Friday, March 11, 2011- I planned to get up at 5:30AM because we were going fishing for class, but Lorena woke me up at 5:20 by knocking like crazy on my door. She told me a whole bunch of things, but I was not awake and the only Spanish I understood was English- tsunami. We went into their bedroom and watched the news as reports of the earthquake, nuclear power plant explosion, and tsunami came through. I called Johann at IOI and asked if we were going fishing (the tsunami was still 12 hours away) and he said no, but he still wanted everyone to come to IOI at 6 for a briefing.
6 AM- I get to IOI and surprisingly not everyone has heard about the tsunami so I got to inform everyone that this may be their last and day alive and everyone was going to die :). Johann gives us a briefing about what the plan of action was and what the state of the situation was. The Ecuadorian government had ordered an evacuation of all coastal regions and Johann instructed us to stay with our families as we evacuated to the highlands and we were to meet again at 10 for an update (later they told us to just go to the highlands and not meet again).
7 AM- I take a nap in the IOI library because I need to be rested in order to enjoy my last day alive. Lauren begins to call all of our host families to learn their plan of action. She tells me that my family is leaving to go to the highlands soon and to bring a book for entertainment. I grab "The Beak of the Finch".
8 AM- I ride my bike home to find that Lorena has packed everything we could possibly need in order to spend an entire month in the middle of nowhere- pots, pans, cleaning supplies, silverware, sleeping bags, tents, clothes, blankets, pillows, every item of food from the kitchen- frozen food, vegetables, fruit, books, stools/chairs, shoes, sheet, towels, EVERYTHING. My first thought- Oh man, I'm a little behind. I pack a bag of warm clothes, food, playing cards, and my ipod. A little after 8:30 my uncle's truck pulls up in front of the house and we load our stuff on and jump in.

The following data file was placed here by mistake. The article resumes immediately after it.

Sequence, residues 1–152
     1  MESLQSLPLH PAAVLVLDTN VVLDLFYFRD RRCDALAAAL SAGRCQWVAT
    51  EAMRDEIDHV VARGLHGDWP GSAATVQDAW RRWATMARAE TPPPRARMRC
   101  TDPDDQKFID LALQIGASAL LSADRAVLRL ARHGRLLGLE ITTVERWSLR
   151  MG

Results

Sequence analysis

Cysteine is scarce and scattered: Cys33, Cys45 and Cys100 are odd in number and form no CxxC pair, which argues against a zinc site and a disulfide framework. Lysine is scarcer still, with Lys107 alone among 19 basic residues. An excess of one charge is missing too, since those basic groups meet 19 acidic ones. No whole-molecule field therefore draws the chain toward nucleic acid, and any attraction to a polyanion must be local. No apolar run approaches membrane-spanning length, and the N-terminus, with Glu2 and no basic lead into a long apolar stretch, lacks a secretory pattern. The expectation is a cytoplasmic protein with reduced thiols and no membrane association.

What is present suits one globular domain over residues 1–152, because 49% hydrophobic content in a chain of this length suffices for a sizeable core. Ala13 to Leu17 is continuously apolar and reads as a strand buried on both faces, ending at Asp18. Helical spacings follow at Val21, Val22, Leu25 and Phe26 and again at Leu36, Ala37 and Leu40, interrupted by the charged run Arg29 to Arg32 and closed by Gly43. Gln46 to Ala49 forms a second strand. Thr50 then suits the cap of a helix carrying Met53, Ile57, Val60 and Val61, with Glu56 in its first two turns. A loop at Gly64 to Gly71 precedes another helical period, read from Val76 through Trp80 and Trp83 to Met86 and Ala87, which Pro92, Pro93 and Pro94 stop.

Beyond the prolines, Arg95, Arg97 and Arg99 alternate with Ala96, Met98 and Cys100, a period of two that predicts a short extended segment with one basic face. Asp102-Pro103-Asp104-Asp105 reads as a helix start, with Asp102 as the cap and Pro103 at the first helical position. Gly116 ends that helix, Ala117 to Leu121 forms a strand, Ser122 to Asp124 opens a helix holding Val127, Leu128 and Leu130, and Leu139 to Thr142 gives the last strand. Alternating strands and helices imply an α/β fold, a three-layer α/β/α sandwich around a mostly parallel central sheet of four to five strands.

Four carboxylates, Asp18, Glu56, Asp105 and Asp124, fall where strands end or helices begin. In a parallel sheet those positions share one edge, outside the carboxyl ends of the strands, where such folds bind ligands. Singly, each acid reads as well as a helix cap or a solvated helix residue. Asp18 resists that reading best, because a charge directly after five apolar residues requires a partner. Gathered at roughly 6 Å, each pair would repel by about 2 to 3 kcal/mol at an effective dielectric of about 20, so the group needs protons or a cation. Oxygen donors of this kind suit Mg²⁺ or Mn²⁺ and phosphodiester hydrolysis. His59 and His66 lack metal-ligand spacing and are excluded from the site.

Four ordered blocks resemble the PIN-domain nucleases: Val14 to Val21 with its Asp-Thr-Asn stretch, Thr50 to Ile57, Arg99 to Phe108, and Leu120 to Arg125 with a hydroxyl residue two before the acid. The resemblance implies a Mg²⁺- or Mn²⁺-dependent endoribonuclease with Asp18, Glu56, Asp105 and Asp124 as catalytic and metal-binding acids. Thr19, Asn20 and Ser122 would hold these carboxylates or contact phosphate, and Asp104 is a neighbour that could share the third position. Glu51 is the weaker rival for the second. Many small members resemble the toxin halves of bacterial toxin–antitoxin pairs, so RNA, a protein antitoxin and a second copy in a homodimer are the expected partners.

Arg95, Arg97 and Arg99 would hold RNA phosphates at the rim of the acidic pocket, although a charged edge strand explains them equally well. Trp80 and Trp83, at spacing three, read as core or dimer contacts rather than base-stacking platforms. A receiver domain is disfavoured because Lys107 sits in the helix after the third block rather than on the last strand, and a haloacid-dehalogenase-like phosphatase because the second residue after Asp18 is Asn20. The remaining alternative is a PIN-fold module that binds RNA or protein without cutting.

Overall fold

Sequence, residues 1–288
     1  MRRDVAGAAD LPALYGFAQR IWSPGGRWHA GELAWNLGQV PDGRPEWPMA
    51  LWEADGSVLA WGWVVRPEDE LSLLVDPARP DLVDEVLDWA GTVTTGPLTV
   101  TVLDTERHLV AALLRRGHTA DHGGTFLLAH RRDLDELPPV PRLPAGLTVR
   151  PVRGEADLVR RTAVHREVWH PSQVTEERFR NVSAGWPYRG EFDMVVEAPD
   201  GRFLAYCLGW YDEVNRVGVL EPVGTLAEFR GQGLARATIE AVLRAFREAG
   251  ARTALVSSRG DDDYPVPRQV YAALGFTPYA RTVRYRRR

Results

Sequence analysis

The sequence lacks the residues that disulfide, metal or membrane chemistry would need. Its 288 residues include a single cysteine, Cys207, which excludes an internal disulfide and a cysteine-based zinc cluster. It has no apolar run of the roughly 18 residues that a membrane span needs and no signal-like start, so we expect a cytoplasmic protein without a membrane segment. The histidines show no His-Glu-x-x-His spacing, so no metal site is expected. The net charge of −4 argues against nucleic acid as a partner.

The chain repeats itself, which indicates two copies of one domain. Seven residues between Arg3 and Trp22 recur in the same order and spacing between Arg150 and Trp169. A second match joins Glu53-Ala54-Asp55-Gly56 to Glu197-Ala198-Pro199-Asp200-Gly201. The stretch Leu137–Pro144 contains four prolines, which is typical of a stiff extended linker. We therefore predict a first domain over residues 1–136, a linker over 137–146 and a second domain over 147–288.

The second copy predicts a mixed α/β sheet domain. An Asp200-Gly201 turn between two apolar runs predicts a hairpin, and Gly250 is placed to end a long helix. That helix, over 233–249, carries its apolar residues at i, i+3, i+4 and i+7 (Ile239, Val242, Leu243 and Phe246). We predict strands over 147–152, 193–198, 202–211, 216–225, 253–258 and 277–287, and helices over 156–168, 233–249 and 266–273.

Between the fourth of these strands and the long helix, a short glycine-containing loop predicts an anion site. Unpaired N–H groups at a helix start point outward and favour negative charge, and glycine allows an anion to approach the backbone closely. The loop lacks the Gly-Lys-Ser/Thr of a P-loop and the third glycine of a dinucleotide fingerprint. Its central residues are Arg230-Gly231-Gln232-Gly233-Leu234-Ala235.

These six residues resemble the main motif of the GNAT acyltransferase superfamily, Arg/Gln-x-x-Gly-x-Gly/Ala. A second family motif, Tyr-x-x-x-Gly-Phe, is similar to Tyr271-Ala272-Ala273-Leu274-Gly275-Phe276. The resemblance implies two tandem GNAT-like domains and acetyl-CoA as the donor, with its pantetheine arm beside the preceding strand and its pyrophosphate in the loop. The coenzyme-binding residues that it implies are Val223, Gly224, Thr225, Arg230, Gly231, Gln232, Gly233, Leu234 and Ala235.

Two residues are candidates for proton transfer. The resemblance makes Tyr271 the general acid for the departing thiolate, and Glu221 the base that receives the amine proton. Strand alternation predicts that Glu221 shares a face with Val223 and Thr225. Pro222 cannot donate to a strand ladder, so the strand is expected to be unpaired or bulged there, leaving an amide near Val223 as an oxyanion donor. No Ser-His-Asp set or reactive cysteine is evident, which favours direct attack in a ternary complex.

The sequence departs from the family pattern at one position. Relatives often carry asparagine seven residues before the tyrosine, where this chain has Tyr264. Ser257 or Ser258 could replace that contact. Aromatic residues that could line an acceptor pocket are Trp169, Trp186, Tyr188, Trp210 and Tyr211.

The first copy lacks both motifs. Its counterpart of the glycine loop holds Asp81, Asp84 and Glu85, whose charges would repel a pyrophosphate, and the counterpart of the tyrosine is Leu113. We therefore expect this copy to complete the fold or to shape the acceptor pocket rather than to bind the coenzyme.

9 AM- We arrive in the highlands. I knew that my family had a plot of land, but I didn't know this included a little house. When we arrived it was filthy and the women (my host mom and her sisters-in-law) sent everyone outside while they scrubbed down the entire house down. It's a small house with one bedroom and one bathroom and a living/kitchen area. From what it looked like when we arrived it appears as though my host dad and his brothers use it as a base camp when they hunt cows. When we were allowed inside, it was still pretty dirty, but it was comfortable enough.
10 AM-5PM- Two more truck fulls of people and their stuff arrived including multiple mattresses. Junior's entire family was there. This included his 2 brothers, 2 sisters, their spouses, mother, and all the grandchildren. It was a lot for such a small house. I spent the day reading, listening to music, playing with the kids, going on walks, etc. We had a TV with us and an antennae so we were able to watch the news. The women made homemade chicken noodle soup for lunch and chicken and rice.